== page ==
Interrogative pronouns ask which person or thing is meant. English example: Who did that?
In many languages (e.g., Czech, English, French, Interlingua, and Russian), the sets of relative and interrogative pronouns are nearly identical. Compare English: Who is that? (interrogative) to I know who that is. (relative).

Pronouns and determiners are closely related, and some linguists view pronouns as actually determiners without a noun or a noun phrase. E.g.
Pronoun Determiner
Personal (1st/2nd) we we Scotsmen
Possessive ours our freedom
Demonstrative this this gentleman
Indefinite some some frogs
Interrogative who which option

Pronouns have been included in parts of speech since at least the 2nd century BC where they were included in Art of Grammar. Strict objections against this approach have appeared among grammatical theories in the 20th century AD.

"Azerbaijan Linguistic School" denies independence of pronoun, it is not considered to be an independent part of speech, because relations between pronouns and other parts of speech are not equal and mutually exclusive, since the properties of pronouns overlap with other parts of speech as a subset of them. But this contradicts the second law of "logic division" (which reads: "Members of division should be mutually exclusive, i.e. should not overlap"). Dismemberment of all major parts of speech first to general and particular and then to abstract and concrete types shows that the place of abstract-and-general form of each part of speech is empty.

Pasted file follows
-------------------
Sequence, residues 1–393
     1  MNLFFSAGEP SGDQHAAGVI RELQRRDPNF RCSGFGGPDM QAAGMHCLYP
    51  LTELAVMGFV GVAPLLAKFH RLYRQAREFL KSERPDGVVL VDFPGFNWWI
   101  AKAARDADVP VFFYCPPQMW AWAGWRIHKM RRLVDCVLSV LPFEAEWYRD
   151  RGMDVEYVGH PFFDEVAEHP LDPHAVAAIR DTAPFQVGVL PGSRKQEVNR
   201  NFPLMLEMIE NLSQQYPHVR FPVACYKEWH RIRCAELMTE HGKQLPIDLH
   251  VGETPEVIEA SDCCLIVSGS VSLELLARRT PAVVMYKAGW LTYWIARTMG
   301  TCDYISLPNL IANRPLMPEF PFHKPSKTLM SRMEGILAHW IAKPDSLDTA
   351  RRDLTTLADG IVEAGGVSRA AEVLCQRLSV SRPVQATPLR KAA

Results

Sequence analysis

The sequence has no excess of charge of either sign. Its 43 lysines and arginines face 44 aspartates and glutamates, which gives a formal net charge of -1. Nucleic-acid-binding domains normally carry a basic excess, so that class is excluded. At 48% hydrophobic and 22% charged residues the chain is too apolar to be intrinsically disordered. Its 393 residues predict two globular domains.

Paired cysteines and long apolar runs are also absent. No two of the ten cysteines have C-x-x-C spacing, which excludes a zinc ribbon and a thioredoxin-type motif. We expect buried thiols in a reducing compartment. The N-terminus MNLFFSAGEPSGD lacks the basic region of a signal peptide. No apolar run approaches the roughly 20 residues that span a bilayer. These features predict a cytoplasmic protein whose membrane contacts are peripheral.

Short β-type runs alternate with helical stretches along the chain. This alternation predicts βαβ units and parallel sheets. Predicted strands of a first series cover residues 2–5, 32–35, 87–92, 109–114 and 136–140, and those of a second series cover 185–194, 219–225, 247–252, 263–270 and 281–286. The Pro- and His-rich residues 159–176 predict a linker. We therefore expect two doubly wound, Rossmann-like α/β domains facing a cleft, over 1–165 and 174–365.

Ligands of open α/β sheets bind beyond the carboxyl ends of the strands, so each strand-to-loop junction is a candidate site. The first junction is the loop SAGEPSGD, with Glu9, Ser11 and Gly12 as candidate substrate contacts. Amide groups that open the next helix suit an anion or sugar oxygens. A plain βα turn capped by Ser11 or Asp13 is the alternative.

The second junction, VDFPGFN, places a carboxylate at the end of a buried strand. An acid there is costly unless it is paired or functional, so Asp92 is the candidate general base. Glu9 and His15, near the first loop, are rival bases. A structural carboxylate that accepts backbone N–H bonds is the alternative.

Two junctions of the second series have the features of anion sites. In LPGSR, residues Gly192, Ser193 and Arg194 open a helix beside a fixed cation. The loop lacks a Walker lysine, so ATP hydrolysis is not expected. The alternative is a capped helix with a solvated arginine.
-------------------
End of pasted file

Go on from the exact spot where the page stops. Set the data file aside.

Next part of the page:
The conclusion is that this is a pronoun which is traditionally (by historical inertia or under influence authority of ancient schools) separated from the other parts of speech, gathered in one class and called a pronoun. On the basis of this logic this school considers it appropriate to distribute pronouns among other parts of speech.

Avbe Ifiẹmwen - Sentences :

  1.  Agada - Agada mwen - Agada wẹ / Agada ihian Agada ẹre - Agada ima

    - Agada mwen n'okhuo fẹko diaere owẹ ne - My daughter with bow legs is gradually getting straight 
    - Te Arhowa ghi mu Agada wẹ n'okpia gie iye ẹre n'ọkhua rha? - Did your husband take your son with bow legs to his grand mother? 
    - Uh wẹrẹ, agada ihian n'okpia ẹrọ khu wẹ lae owa? vb'osunun? - You said , is their bow leg son that drove you into the house? what happened? 
    - Agada ẹre n'okhuo non, ghe ih rhonren! - Is her bow leg daughter, I know her!
    - Ihian wẹrẹ Agada ima n'okpia Ediagbonya mu rre, ya rrie ẹre rre! - They said is our bow leg son Ediagbonya brought, go bring him!